In a couple of previous posts, I wrote about getting familiar with the steps of the seder, to increase kavannah (attention/concentration) and involvement.  It’s also a way to help make the participants a “group,” rather than just a collection of disconnected individuals who happen to be in the same place at the same time.

Another issue for many people can be the songs used at the seder. Assuming the parents themselves knowseder the songs, how do you prepare young children to know them at the seder? Or — how do you use melodies with adults who might themselves be unfamiliar with them?

When my son was very young, I’d begin playing a tape of seder songs after Purim. At his age, they weren’t associated with any particular time or place. He just liked to listen to them. Then, when the seder came along, he participated more or less naturally.

Certain melodies, like the “Kaddesh,” will most likely be used year after year. In “Zamru Lo,” a 3-volume collection of congregational songs that was published by the Cantors’ Assembly (Conservative), this melody is labeled “Babylonian,” but without any further explanation.

Other melodies might be the same ones a son or daughter will learn in the process of their Jewish education.

What about “new” melodies? Shouldn’t there be room for creativity?

The value of singing the same melodies year after year is, of course, that they then become “hallowed by tradition.” They come to have specific associations with a time, place and activity. One might conceivably go to a concert in December and hear a seder melody performed by a professional singer or choir. We might appreciate and enjoy the performance aesthetically. At the same time, there’d be something “out of place” about it, just as there’d be something “out of place” about singing “Ma’oz Tzur” in July. I imagine that connoisseurs of Indian classical music feel the same when they hear a “morning raga” performed at night!

I had the same experience once with Christmas carols! I sang them many times over the years, out of a love of singing in harmony with others. Even if we tended to sing them in December, they were mostly a “seasonal” kind of music for us. The meaning of the words themselves was scarcely even noticed. However, one year, a friend and I attended a “midnight mass” at an Episcopal church, out of curiosity. Carols were sung as part of it. I suddenly realized that carols, though not always sung only as part of a formal service, are fundamentally religious songs. Hearing them in that context suddenly made the music subsidiary to the text, rather than the other way around (as it had been for me). The popularity of Handel’s “Hallelujah Chorus” is another good example of this.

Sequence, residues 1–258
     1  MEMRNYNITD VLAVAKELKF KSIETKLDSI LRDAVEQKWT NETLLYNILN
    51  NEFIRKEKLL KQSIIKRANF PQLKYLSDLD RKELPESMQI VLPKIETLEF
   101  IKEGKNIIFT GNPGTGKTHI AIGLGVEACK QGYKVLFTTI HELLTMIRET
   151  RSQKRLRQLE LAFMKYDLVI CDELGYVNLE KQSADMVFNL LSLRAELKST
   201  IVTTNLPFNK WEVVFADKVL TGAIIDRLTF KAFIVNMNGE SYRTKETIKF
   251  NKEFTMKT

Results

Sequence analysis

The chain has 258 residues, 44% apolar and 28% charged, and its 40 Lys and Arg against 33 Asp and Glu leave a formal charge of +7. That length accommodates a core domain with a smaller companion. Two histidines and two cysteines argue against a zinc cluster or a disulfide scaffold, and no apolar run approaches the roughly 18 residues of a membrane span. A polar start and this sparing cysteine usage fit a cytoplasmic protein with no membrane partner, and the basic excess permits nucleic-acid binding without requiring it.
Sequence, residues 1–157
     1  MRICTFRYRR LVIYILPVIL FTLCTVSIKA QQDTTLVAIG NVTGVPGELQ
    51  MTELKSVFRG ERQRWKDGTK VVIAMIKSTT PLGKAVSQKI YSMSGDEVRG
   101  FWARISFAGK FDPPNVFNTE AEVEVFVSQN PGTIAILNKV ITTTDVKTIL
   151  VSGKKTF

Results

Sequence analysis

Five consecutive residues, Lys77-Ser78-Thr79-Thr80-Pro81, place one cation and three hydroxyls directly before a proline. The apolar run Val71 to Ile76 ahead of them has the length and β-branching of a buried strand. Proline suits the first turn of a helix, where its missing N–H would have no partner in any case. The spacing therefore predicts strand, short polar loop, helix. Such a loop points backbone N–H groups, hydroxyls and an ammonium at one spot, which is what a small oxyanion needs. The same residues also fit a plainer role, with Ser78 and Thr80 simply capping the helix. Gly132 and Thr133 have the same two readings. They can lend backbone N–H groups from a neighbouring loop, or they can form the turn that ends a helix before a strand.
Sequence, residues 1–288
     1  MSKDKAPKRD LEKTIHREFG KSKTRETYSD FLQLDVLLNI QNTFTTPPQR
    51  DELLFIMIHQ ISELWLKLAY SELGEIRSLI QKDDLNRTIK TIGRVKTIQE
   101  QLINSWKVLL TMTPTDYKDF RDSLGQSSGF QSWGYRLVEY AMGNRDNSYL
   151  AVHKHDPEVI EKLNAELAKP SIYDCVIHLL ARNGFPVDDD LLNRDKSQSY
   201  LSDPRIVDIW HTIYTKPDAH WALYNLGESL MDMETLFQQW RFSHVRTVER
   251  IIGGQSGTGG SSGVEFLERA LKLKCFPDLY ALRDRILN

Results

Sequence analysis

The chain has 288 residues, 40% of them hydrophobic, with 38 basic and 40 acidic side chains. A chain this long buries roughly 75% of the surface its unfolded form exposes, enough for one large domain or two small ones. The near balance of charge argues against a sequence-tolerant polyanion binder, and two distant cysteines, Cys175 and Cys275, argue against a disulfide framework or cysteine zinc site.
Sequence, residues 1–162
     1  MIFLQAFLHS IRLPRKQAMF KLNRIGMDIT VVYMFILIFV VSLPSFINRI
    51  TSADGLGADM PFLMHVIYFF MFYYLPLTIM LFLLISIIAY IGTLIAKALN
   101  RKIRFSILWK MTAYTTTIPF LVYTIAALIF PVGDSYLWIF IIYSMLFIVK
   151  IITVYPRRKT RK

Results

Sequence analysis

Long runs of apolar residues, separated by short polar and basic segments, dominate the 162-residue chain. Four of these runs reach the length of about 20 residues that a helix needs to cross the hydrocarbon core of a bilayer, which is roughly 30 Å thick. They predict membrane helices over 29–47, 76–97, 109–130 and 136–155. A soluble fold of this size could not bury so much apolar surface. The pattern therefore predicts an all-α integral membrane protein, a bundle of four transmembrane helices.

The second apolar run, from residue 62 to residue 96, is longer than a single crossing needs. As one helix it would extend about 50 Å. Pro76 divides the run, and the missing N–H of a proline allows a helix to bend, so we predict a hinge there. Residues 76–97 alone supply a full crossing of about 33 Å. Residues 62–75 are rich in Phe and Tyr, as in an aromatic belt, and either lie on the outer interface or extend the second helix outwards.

Still, should we introduce new melodies at the seder? If so, how?

In the end, I think everyone will find their own answer to this. There might even be some people who make a “hallowed tradition” of creating new melodies and/or arrangements each year. Where singing the same melodies year after year can create a special uniqueness about a seder and add to focusing attention, singing new melodies can create its own kind of interest and help make the seder a more personal expression.

It need not be “either/or.”

If we have a grounding in “traditional melodies” (almost all of which were “new” once), we can sing some of them and create new ones, too. From year to year, we could even vary which “traditional” ones we sing and which “new” ones we introduce. This works especially well once the children are a bit older, and have sung the “traditional” melodies for several years. The change might do much to spark their own curiosity and creativity.

We might also sing one verse of a song in the “traditional” way and vary it with a “new” melody in a later verse; perhaps even go back and forth between them.

Group singing can be a very powerful, unifying experience. Anyone who ever went to a Pete Seeger concert — especially in the ’50’s and ’60’s — knows what that felt like.

So, I don’t think there’s necessarily a uniform answer to the question of “new melodies” at the seder. Each person or family will find their own way with this (regardless of anything I might say).

I simply urge that traditional melodies be used enough to be familiar, in order to make children’s subsequent participation in other seders, later in their lives, easier for them.